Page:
6. If CVS sold coffee as a medicine, that would be a problem.But they don’t.

    I’d like to submit some grant proposals for clinical trials of homeopathic remedies. I’ve got time and can round up some subjects. I’m well-versed in the paperwork necessary for human subjects. Where do I apply? Small bills, 5’s to 20’s are preferred.

    1. Coffee actually works though! As a stimulant anyway. Not sure about the coffee enema thing though. Actually, that might be an effective way to administer a stimulant. Messy though.

      1. Coffee response is partly a function of genetics. Some of us (the lucky ones? the unlucky ones?) metabolize caffeine quickly and tend to consume more coffee without so much stimulant response.

        1. Ah, that explains why coffee does nothing for me (other than as a pleasant soothing hot beverage {channelling Sheldon here, I think}). I’m actually jealous of those who get a “hit” from it.

          1. Yeah, when I got my genetics done, there is some sort of marker that indicates if you are a fast or slow caffeine metabolized. I’m a fast metabolizer, which I know from experience. I can only have one maybe 2 coffees per day. If I have more than that, I get queasy, which I think is from my heart beating fast. I’m very sensitive to any medication – if it will make you tired, it will knock me out. If it wakes you up, I’ll never sleep! This is why remaining on Tamoxifen was impossible for me as it just knocked me on my ass and I couldn’t even make it to work.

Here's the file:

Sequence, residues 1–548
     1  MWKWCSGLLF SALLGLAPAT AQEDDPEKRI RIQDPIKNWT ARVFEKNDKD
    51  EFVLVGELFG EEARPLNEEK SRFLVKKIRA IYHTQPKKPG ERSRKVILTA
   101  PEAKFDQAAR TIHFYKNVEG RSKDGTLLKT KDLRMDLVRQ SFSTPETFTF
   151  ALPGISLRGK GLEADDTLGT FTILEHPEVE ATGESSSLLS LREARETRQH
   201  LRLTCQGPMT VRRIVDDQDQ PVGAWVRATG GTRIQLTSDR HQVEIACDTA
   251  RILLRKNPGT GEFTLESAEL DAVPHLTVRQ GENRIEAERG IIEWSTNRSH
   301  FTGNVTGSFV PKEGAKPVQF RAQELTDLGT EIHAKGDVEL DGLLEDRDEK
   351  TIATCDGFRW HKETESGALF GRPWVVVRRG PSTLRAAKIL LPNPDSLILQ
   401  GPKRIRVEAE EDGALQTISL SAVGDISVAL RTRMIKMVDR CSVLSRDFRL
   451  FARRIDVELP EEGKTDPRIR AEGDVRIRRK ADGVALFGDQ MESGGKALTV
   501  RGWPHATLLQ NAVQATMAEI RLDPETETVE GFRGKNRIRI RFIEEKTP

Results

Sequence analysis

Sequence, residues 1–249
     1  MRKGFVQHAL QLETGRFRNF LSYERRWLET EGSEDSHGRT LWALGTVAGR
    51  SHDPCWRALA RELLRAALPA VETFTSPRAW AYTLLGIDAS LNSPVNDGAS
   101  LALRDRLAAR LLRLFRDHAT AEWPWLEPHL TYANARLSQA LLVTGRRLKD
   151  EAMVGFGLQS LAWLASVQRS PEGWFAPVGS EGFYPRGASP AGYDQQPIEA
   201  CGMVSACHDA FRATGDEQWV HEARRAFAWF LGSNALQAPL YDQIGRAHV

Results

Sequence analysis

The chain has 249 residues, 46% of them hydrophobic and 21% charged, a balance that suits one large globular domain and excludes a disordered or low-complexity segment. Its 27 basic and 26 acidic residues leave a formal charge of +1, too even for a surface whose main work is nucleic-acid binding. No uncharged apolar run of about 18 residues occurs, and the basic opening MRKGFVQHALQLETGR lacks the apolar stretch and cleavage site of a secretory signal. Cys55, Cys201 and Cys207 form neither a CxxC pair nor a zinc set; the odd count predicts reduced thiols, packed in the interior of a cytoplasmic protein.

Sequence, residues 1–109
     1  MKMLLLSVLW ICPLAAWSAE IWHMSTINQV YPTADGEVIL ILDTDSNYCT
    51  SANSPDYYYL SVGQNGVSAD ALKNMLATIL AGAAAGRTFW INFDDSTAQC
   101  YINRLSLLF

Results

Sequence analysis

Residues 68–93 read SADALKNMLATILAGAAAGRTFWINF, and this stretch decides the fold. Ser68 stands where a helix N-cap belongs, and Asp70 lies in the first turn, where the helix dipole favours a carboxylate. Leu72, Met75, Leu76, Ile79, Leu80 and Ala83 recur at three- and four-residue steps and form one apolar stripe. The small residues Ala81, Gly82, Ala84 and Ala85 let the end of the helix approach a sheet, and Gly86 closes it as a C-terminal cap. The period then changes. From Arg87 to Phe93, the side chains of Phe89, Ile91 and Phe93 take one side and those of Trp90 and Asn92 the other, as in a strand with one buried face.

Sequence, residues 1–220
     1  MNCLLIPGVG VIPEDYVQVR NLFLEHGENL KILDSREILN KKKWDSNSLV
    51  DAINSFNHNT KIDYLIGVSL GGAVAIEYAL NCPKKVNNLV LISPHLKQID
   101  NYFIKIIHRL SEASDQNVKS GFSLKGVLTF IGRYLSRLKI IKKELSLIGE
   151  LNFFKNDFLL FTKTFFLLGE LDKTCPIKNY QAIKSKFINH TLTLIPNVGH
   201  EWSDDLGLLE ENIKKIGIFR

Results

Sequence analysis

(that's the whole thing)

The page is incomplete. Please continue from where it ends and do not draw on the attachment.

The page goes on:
2. Nope. No alternative. I’m a permenstral woman so there aren’t a whole lot of options. However, my oncologist and surgeon were both okay with my decision. I was on the vile stuff for 1.5 years so I gave it a good try. My cancer was cancer-lite being grade 1, stage 1. My oncologist made a bit of a deal over the tumor size (around 2 cm) but I reminded her it was mutinous and therefore probably artificially inflated in size since it was surrounded by mucin. I basically had the best kind of breast cancer, unless it had been stage 0 and not invasive), one could have. So, since it was a low grade, they were okay with me not being on it and admitted that women are often over treated but that’s because Tamoxifen always affords some benefit so if you can tolerate it, why not? For me, it gave about a 1%

          3. Oops, hit enter accidentally.

            It gave me a 1% benefit over 5 years and a 5% over 10 years. It’s also interesting to note though, and I said this to both my doctors, that I wasn’t supposed to get cancer in the first place. I had less than 1% chance of getting it but I still did so when you’re dealing with statistics, it’s hard to judge as one data point. Both my doctors admitted that it’s really hard to tell how an individual will respond.

          4. I’m please for you that the cancer was relatively, well I was going to say benign, which sounds stupid, but you know what I mean. Hopefully (pace Jerry 😉 )you’re clear now. I wish you good health for the New Year and beyond.